The Parallax View ominously begins with the assassination of a politician at the Seattle’s Space Needle. It’s a shocking sequence that echoes the anxieties of the ‘60s and the tragic assassinations of politicians and civil rights leaders. Years later, something is still amiss. There’s an official story, and then there’s the one Lee Carter (Paula Prentiss), a TV reporter, tells her ex-boyfriend and fellow reporter, Frady. She feels like she’s being followed and notices that fellow witnesses to the politician’s murder are dying. Naturally, she fears something may happen to her, which Frady waves off as an overreaction. When she turns up dead not long after, he realizes she was on to something much bigger than the “lone gunman” story government officials fed the public. Over the course of many twists and turns, he discovers the Parallax Corporation — an organization that orchestrates political assassinations — and tries to infiltrate their ranks, a perilous operation that ultimately does not pan out well for the intrepid reporter.
In this sense, The Parallax View has a lot to say about what shadowy practices corporations or corrupt officials will implement to maintain their cover. There’s something eerily resonant in the way that journalists and witnesses to crimes have been violently targeted by police or discredited by government officials today, in the weeks following the death of George Floyd. And unlike Pakula’s rosier follow-up, All the President’s Men, The Parallax View also explores the way the media can be manipulated by those giving false information. It’s something Frady tries to use to his advantage, by pretending to have been killed in a misreported boating accident. Ultimately, his news savvy isn’t enough to save him.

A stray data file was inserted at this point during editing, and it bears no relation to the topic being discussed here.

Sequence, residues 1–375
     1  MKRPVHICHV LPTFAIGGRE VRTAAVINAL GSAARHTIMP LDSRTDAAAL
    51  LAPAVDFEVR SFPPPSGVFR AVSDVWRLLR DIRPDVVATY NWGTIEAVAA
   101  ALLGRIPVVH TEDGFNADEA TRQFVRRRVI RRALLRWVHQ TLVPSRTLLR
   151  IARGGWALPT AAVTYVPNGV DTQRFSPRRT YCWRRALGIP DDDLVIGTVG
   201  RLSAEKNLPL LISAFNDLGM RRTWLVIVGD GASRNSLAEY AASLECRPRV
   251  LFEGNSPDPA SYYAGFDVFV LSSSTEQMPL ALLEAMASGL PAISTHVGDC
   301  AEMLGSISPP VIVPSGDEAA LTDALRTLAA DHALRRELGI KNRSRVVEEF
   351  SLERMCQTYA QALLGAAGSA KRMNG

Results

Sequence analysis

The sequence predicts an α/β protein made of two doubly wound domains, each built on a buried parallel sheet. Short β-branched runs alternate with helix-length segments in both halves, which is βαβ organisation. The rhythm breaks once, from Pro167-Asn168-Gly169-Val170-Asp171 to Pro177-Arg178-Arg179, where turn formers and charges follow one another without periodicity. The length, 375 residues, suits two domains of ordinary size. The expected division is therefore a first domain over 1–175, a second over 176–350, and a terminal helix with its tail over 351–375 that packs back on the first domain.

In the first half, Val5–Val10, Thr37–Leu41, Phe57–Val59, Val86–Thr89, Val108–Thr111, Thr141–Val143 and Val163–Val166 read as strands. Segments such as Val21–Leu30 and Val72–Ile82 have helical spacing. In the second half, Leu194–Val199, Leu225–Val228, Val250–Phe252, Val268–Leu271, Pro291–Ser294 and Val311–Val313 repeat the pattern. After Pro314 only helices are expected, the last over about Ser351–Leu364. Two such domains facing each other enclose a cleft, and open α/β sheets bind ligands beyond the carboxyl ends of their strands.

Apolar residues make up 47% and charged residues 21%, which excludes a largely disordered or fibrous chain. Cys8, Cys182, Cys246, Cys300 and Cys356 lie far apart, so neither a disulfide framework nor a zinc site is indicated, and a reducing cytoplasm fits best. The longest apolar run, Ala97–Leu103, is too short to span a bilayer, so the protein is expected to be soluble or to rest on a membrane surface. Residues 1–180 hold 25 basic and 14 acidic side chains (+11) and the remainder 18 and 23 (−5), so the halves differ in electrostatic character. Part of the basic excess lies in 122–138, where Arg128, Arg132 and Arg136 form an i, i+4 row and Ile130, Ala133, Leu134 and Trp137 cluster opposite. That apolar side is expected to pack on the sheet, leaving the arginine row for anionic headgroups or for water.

While All the President’s Men is based on the true story of how Woodward and Bernstein broke the Watergate news, it’s inherently much more optimistic about the power of the people against bad government. Over and over again, the two reporters are foiled and stymied by dead-end leads and uncooperative sources, yet their perseverance allows truth to win out. It’s more upbeat than the endings of either Klute or The Parallax View.
Regardless, Pakula’s fascination with isolation and paranoia heavily factor into the proceedings. Woodward and Bernstein are not readily hailed as heroes; in fact, they’re somewhat ostracized from most of the newsroom, and even most of the paper’s management. The closer they get to the truth, the higher the stakes become, reaching a climax when the pair realize they’re being bugged by unseen government spies.
Although this trilogy is made up of different movies and characters, All the President’s Men, Klute and The Parallax View have much in common. Their characters are ordinary Americans from everyday professions who find themselves in extraordinary circumstances. There’s a shared cynicism about their world that only grows as they learn the truth about power and who wields it, and a shared fear that the government is not doing enough, or even actively making life difficult for our heroes. In addition to these outside forces, they’re also dealing with internal feelings of helplessness and isolation, and they’re left to their own smarts and instincts to get them out of it. Some of these characters may write the headlines of history, while others will purposefully be silenced.
It’s too soon to tell what, exactly, art will say about this current tumultuous period in our country’s history. After all, it took a filmmaker like Pakula a decade to adequately unpack it. But until movies can be safely produced and writers have had the chance to process the ways in which the pandemic and police brutality have affected our relationship to government and authority, his “paranoia trilogy” may be the best reference point we have for grappling with this moment in American history. History, of course, has a habit of repeating itself.